Tormohlen remembered as ‘gentle, kind soul’


Gene Tormohlen played college basketball for the Tennessee Volunteers and later played in the NBA.

HOLLAND — Everyone who knew Gene Tormohlen was well aware of just how big of a man he was. While his 6-foot-8, 230-pound stature had a little to do with that, it had more to do with the way he presented himself and supported those around him.

“Gene was a big man and I’m not talking about his height, I’m talking about his heart.” This was a quote that NBA Hall-of-Famer and one of Gene’s best friends, Jerry West, relayed to Gene’s first cousin Joe Todrank about the spirit that Gene always seemed to have.

Gene died at the age of 81 on Dec. 27 in Spring Hill, Tennessee. Born on May 12, 1937 in Holland, his name will be forever associated with the small community in Dubois County.

He helped lead the Dutchmen boys basketball team to its first-ever sectional championship in 1953 and also had the first ever dunk in the Dubois County sectional in an upset over the No. 3 ranked Jasper Wildcats in 1955. He was eventually inducted into the Indiana Basketball Hall of Fame in 1987.

Gene lived all over the United States — from playing college basketball with the Tennessee Volunteers and setting all of their rebounding records; to playing professional basketball in Cleveland, Kansas City, St. Louis and Atlanta; to working as a coach and scout at the professional ranks in Atlanta, Chicago and Los Angeles.

But no matter what, the town of Holland always played a special part in Gene’s life and the Tormohlen family was grateful to be able to host a celebration of life Saturday at Holland United Methodist Church, in the place where his journey all started.

“Dad always loved coming to Holland, so many people took care of my family and he appreciated all the town did for him,” said Tommy Tormohlen, Gene’s son. “To be able to close this chapter and lift Dad into heaven, it means the world to share that with his family and close friends here in Dubois County.”

When he first arrived to play college basketball at the University of Tennessee, Todrank recalls Gene telling him that he wasn’t sure if he would be able to play well with the big boys in Division I basketball. He quickly found out that he would fit in just fine — he still holds the Volunteer records for the highest rebounding average in a season (17.7), total career rebounds (1,113) and career rebounding average (16.9 rebounds per game). He also ranks third in school history with 50 double-doubles, is one of only two Tennessee players to record over 1,000 career points and 1,000 career rebounds (Hall-of-Famer Bernard King is the other) and was also selected as one of Tennessee’s top 20 players of all time in 2009.

After a successful college career, Gene (who later became known by the nicknames “Bumper” and “Chairman of the Boards”) had a long and fruitful professional basketball career. He played with the Cleveland Pipers and Kansas City Steers before joining the St. Louis-Atlanta Hawks shortly after. After retiring from playing basketball in 1970, Gene worked as an assistant (and interim head coach for a short while) for the Hawks and was a longtime scout for both the Chicago Bulls and Los Angeles Lakers.

While Gene and West got to know each other during their collegiate careers with Tennessee and West Virginia respectively, they became best friends when West was working with the Lakers as their general manager.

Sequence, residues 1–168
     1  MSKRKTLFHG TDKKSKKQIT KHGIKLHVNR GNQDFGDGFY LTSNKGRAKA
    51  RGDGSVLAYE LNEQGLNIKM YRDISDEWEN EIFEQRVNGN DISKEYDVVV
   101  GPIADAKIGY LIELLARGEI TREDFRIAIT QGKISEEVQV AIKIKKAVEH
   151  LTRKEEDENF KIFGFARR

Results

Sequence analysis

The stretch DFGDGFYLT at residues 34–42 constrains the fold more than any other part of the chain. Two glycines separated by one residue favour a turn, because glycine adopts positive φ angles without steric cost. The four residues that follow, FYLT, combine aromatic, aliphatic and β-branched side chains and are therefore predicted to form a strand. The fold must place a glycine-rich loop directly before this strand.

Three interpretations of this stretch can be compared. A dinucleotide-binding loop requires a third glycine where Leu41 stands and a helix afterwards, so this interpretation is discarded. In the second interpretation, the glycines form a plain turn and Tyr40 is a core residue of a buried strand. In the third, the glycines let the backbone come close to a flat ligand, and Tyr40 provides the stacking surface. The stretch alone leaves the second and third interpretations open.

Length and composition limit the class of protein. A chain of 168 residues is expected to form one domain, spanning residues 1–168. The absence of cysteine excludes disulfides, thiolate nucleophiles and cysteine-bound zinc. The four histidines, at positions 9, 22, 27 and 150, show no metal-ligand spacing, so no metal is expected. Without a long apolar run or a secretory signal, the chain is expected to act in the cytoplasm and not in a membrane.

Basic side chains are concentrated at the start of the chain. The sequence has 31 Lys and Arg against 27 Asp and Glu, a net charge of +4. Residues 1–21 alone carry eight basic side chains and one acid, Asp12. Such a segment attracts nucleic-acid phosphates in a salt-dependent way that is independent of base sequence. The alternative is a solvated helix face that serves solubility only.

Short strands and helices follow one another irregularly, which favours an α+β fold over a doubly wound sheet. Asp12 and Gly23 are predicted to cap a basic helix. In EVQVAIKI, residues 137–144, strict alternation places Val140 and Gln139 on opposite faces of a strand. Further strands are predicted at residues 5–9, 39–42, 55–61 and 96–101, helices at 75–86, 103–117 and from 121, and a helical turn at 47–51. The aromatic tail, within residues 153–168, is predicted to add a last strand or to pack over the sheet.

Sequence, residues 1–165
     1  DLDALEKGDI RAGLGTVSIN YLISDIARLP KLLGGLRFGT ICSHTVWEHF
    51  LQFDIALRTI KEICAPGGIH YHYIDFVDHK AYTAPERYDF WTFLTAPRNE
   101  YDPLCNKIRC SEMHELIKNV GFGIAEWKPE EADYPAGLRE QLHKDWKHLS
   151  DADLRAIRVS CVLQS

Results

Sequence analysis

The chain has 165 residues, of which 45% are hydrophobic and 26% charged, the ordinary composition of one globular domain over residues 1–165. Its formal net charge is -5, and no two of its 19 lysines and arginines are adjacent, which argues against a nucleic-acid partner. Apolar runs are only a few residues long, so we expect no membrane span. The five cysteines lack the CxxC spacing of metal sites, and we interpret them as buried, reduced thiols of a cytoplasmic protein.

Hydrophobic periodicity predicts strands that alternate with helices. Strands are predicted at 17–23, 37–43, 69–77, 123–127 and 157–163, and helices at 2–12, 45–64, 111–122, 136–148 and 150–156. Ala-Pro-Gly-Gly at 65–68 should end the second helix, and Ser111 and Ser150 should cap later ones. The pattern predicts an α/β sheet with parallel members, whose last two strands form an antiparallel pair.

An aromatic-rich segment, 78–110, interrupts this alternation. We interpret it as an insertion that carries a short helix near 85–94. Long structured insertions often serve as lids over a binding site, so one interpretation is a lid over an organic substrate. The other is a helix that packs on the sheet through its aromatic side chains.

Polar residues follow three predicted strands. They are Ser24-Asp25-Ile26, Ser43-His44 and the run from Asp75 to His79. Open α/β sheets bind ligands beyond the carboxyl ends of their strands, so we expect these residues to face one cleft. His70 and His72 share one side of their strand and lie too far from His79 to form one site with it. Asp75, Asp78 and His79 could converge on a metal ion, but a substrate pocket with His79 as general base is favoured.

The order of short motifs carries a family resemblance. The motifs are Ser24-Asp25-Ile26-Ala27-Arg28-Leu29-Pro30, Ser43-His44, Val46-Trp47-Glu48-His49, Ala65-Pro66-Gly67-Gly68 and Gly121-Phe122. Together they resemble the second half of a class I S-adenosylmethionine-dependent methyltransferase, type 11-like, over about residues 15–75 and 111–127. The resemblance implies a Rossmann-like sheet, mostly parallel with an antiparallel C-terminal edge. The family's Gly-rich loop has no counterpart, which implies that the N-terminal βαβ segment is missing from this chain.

“In 1982, (West) called Dad to come work for him as a scout,” Tommy recalled. “And he got six championship rings from the Magic (Johnson) and Kareem (Abdul-Jabbar) days all the way through the Kobe (Bryant) and Shaq (O’Neal) days — the family was lucky to get those rings and hopefully my boys will one day keep those safe in a lockbox somewhere.”

Gene Tormohlen's family remembers him as a "gentle, kind soul."

There’s no denying that Gene left quite a legacy with his impressive rebounding statistics and professional career that spanned nearly 50 years as a player, coach and a scout, but the thing that perhaps will leave the longest-lasting mark is the impression he left on all of the people around him.

West said in a video statement that “the time I spent with (Gene) was always amazing” and he thanked him for always being “an incredible friend.”

Stan Alford, who attended the ceremony on behalf of the Indiana Basketball Hall of Fame, said “I wish we had a lot more Gene Tormohlens” and his kind, caring nature made him think of Gene as a “gentle giant.”

Dalen Showalter, one of Gene’s collegiate teammates with the Volunteers, wrote a eulogy with thoughts from several other Tennessee teammates about “Bumper.” Showalter said, “We all got to know a really kind and caring Gene — oh how he loved his lifemate, sweet Julie, and he was always so proud of his grandkids. We got to know a truly spiritual man who loved his family, his teammates and the Lord.”

Todrank, who spent the majority of his young life hanging out with Gene, said, “It’s an honor to call you my cousin and my best friend.”

Ever since he was a little boy, Tommy can recall his father always wanting to help people anyway he could. Sure, Gene had a tough side but at the end of the day, it was obvious that no matter what he did he was going to do everything in his power to be there for someone.

“He was always the guy who would help people through hard times — not just in sports, but community-wise, he’d always make sure to lend a helping hand to the less fortunate,” Tommy said. “All throughout his life I saw that gentle, kind soul.”

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